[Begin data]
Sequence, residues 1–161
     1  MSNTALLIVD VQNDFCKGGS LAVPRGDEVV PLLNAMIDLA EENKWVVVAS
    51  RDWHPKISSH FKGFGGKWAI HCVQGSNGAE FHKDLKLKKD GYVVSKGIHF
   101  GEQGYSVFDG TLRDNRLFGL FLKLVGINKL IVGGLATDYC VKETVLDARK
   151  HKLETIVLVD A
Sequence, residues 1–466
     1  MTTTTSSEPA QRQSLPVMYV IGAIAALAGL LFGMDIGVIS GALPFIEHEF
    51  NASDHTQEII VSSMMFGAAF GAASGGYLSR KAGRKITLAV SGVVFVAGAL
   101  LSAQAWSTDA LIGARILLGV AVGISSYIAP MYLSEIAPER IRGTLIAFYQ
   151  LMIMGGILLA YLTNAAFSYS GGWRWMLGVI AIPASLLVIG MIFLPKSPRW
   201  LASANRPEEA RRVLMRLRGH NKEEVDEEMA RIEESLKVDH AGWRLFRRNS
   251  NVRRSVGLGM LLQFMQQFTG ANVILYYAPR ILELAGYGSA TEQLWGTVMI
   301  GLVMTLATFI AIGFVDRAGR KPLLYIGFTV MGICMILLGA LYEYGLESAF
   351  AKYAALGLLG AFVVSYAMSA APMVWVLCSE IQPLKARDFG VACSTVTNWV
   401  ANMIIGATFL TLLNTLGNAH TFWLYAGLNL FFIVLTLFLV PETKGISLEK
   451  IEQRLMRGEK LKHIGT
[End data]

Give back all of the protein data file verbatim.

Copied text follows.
Sequence, residues 1–161
     1  MSNTALLIVD VQNDFCKGGS LAVPRGDEVV PLLNAMIDLA EENKWVVVAS
    51  RDWHPKISSH FKGFGGKWAI HCVQGSNGAE FHKDLKLKKD GYVVSKGIHF
   101  GEQGYSVFDG TLRDNRLFGL FLKLVGINKL IVGGLATDYC VKETVLDARK
   151  HKLETIVLVD A
Sequence, residues 1–466
     1  MTTTTSSEPA QRQSLPVMYV IGAIAALAGL LFGMDIGVIS GALPFIEHEF
    51  NASDHTQEII VSSMMFGAAF GAASGGYLSR KAGRKITLAV SGVVFVAGAL
   101  LSAQAWSTDA LIGARILLGV AVGISSYIAP MYLSEIAPER IRGTLIAFYQ
   151  LMIMGGILLA YLTNAAFSYS GGWRWMLGVI AIPASLLVIG MIFLPKSPRW
   201  LASANRPEEA RRVLMRLRGH NKEEVDEEMA RIEESLKVDH AGWRLFRRNS
   251  NVRRSVGLGM LLQFMQQFTG ANVILYYAPR ILELAGYGSA TEQLWGTVMI
   301  GLVMTLATFI AIGFVDRAGR KPLLYIGFTV MGICMILLGA LYEYGLESAF
   351  AKYAALGLLG AFVVSYAMSA APMVWVLCSE IQPLKARDFG VACSTVTNWV
   401  ANMIIGATFL TLLNTLGNAH TFWLYAGLNL FFIVLTLFLV PETKGISLEK
   451  IEQRLMRGEK LKHIGT